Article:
The July 2019 housing finance data released by the Australian Bureau of Statistics (ABS) shows that demand for mortgages is starting to rise.
Of course, dwelling values in July were unchanged nationally and there were rises recorded for the second successive month in Sydney and Melbourne with an increase also in Brisbane.
There were clear signs in the market at this time that mortgage demand was lifting and today’s data confirms that.
In July 2019, there was $26.5 billion worth of housing finance commitments, marking the second consecutive month of increases.
The $26.5 billion was 5.2% higher over the month, which was the largest monthly increase since March 2015.
Despite the monthly increase in lending, year-on-year it was -9.6% lower.
The $26.5 billion was split between $19.3 billion worth of commitments to owner- occupiers and $7.2 billion for investors.
For both owner-occupiers and investors it was the second successive months in which the value of lending has increased.
The $19.3 billion worth of commitments to owner-occupiers was the greatest value since November 2018 and the $7.2 billion in commitments to investors was the greatest since December 2018.
Breaking the data out by new mortgage lending and refinances you can see that most of the increase in lending is coming from new lending rather than refinances of existing loans.
For owner-occupiers, the $19.3 billion was split between $13.3 billion for new lending and $6.1 billion worth of refinances.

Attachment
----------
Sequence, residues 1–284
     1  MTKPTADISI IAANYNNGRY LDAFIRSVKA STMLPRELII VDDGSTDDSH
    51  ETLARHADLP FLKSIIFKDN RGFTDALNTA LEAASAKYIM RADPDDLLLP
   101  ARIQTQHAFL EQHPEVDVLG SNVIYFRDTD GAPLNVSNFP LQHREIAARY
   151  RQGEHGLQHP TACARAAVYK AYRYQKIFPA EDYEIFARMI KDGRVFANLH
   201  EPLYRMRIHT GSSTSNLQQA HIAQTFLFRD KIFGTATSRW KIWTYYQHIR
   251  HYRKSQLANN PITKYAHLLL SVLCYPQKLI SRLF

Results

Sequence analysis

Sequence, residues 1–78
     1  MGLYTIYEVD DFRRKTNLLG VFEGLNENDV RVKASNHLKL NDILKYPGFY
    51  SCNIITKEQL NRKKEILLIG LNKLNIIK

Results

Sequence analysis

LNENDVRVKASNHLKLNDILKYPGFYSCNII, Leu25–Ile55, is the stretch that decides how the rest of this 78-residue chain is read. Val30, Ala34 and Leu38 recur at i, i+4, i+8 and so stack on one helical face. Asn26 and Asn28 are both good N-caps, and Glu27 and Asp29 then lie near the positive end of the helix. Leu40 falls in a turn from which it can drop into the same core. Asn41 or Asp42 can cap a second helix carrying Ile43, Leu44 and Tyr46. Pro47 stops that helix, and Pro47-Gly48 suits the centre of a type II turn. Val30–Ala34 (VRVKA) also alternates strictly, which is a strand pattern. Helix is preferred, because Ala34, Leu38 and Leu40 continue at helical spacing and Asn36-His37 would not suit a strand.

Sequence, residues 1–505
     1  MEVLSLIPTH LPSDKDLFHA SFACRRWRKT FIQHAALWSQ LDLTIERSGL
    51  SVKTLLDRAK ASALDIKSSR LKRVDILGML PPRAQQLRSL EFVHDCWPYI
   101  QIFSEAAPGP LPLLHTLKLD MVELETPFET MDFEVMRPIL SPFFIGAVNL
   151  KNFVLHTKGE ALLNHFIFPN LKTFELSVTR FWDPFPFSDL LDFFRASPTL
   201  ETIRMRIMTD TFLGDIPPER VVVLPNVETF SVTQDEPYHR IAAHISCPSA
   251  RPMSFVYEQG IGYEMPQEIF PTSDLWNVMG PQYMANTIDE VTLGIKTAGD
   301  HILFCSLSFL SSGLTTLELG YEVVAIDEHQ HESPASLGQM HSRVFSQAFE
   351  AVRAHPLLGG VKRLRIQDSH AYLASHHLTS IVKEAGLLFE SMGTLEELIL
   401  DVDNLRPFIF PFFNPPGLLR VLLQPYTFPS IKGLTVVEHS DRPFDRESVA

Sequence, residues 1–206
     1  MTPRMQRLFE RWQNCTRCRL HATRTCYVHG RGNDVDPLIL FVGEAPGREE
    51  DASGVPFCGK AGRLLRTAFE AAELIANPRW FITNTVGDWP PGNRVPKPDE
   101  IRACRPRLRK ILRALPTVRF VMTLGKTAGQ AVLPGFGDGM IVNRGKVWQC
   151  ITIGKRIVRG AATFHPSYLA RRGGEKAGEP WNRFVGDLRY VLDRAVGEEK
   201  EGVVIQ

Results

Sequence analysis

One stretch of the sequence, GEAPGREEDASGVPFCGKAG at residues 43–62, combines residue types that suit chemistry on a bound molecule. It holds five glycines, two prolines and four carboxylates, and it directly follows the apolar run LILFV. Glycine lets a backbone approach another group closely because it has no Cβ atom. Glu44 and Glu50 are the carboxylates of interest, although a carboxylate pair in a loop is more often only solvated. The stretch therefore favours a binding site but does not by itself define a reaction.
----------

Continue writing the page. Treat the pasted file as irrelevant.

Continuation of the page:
For both new and refinances to owner owner-occupier lending it was the largest value of lending since November 2018 however, new mortgage lending is up 9.5% from the recent low and refinances are 6.3% higher.
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For investors, the $7.2 billion worth of commitments is split between $4.6 billion for new lending and $2.5 billion for refinances of existing mortgages.
The value of lending to investors for new mortgages is up 5.7% from its recent low while refinances are 4.3% higher.
The number and share of owner-occupier mortgages going to first home buyers is also increasing.
Excluding refinances, there were 10,136 mortgage commitments by first home buyers, which represented 29.4% of all owner-occupier finance commitments (excluding refinances).
The 10,136 commitments to first home buyers was the most since November 2018 and the share of commitments to first home buyers was the greatest since January 2012.
The data points to first home buyers increasing their participation which isn’t a great surprise given that over recent years dwelling values have fallen, the housing market value falls have now bottomed, interest rates were reduced in both June and July and borrowing capacities have been increased with the removal of previous lending restrictions.
The consecutive rises in the value of mortgage lending follows the theme whereby national dwelling values have also been increasing since the middle of May 2019.
Since July 2019, there has been an acceleration in the rate of growth in Sydney and Melbourne with national dwelling values also rising in August for the first time since late 2017.
CoreLogic’s valuation metadata has now recorded its highest annual growth rate since early 2017.
While that won’t necessarily all translate into new mortgages it does show that interest in the housing market is rising.
Although it is now early in spring, auction clearance rates are continuing to rise as is the volume of stock available for sale and at the same time lenders are offering attractive mortgage rates for borrowers.
Given all of this, we would expect that demand for mortgages will continue to climb over the coming months.